Who knew service before self would be this hard?

  • Published
  • By Tech. Sgt. Jason Jaworski
  • 4th Space Control Squadron
Integrity first, service before self and excellence in all we do are the Air Force Core Values. They're the backbone of what makes our Air Force the best in the world. Of all of them, service before self could be one of the harder ones to accept since it has an effect on one's family rather than being habit like integrity and excellence.

On a recent deployment, this core value put three of my fellow Airmen and I from the 4th Space Control Squadron to the test.

When news of our deployment came, the four of us had pregnant wives or newborn children we had to leave. We weren't the first, and we surely won't be the last to receive deployment orders, so we prepared just like the rest of them. We arranged for families to come, organized our finances, and with the 4th Space Spouses' Group, set up our loved ones to have someone assigned to help them in any time of need.

During our six-month deployment from January to July, our wives endured their pregnancies, deliveries and parenthood without us while we stayed the course of the Air Force's mission. We endured the torture of being away from our families and the feelings of not being able to tend to our husbandly and fatherly duties.

As I left for my deployment, I knew what I was leaving behind. My wife and I are dual military, and this was not our first deployment apart -- I'm sure it won't be the last. My wife recently completed a deployment, returning from her five-month trip last year in January just prior to our permanent change of station to Holloman. This time it was my turn and I left my wife while she was four months pregnant. I was asked to leave her home alone with our 3-year-old son -- nothing could break your heart more.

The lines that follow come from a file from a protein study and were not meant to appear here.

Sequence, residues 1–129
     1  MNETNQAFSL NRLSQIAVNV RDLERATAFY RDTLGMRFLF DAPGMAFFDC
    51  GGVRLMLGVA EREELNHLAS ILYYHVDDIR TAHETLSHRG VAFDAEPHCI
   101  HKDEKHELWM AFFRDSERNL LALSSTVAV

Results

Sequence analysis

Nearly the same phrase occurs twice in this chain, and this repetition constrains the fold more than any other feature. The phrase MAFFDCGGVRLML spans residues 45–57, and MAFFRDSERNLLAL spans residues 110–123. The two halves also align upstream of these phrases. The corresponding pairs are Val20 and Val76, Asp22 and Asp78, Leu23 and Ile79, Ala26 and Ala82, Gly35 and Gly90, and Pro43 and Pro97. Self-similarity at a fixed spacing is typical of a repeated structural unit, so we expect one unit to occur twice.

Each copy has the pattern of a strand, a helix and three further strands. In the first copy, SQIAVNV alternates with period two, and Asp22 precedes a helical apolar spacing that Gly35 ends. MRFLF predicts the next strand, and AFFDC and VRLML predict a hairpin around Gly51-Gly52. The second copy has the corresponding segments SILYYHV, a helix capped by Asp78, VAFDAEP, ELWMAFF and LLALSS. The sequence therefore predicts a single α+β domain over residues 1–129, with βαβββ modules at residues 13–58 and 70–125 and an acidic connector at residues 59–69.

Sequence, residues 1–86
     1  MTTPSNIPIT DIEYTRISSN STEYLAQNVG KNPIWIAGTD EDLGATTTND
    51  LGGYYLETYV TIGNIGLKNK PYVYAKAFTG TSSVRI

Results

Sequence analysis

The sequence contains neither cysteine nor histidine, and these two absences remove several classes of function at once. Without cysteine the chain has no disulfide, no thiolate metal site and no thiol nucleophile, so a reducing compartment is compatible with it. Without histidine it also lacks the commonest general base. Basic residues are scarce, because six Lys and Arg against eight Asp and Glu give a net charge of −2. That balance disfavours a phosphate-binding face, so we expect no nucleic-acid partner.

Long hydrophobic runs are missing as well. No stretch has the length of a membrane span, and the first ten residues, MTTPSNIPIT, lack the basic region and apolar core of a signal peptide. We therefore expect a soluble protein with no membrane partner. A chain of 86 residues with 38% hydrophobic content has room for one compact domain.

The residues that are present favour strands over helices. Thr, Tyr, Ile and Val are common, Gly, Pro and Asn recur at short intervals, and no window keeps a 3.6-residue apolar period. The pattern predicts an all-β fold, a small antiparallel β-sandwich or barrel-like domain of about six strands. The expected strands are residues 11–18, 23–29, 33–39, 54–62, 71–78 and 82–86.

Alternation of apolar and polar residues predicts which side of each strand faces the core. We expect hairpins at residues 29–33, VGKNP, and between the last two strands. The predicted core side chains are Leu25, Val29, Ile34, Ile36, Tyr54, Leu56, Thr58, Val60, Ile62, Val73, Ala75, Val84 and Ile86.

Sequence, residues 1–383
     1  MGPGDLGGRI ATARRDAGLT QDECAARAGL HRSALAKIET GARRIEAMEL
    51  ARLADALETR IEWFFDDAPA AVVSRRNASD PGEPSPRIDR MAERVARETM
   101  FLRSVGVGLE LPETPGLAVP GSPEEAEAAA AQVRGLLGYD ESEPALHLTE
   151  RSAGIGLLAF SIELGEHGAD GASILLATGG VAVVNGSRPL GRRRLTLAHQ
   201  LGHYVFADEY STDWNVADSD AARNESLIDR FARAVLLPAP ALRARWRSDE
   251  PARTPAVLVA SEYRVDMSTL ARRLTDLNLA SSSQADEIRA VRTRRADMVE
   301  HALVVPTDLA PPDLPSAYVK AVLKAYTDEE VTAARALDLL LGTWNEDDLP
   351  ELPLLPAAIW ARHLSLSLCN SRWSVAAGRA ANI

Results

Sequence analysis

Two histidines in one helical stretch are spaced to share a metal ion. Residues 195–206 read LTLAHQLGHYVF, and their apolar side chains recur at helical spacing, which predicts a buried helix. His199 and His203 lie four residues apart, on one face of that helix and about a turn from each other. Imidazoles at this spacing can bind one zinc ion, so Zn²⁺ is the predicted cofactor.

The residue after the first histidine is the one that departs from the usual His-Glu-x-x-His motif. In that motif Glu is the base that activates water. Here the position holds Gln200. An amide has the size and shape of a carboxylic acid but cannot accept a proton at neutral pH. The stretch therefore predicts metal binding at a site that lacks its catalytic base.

Our previous deployment had shown us the importance of setting up a schedule to visit with family once a week on Webcam. This really helped me feel as though I was involved in my son's life and a part of my wife's pregnancy, even when more stress was thrown on to our plate.

I was notified my wife was having early contractions at 24 weeks gestation and had to visit the emergency room. Through the spouses' group and my wife's unit, the 49th Fighter Wing Public Affairs Office, I was able to make sure there was someone to pick up our son while the doctors made sure my wife and unborn child were OK. They set up meals to help my wife when she was put on bed rest for a short time and picked up our son when she had late appointments. Everything ended up working out and our healthy bouncing baby boy was born full-term.

Bringing a new child home is an excitement most parents remember, but for Staff Sgt. David Moulder, 4th SPCS space systems operator, his excitement will be remembered by seeing his first-born delivered to him on Webcam with an audience of coworkers. When his wife went into labor, she headed to the hospital and the first thing she did was set up a laptop and camera hoping to see her husband on the other end, cheering her on.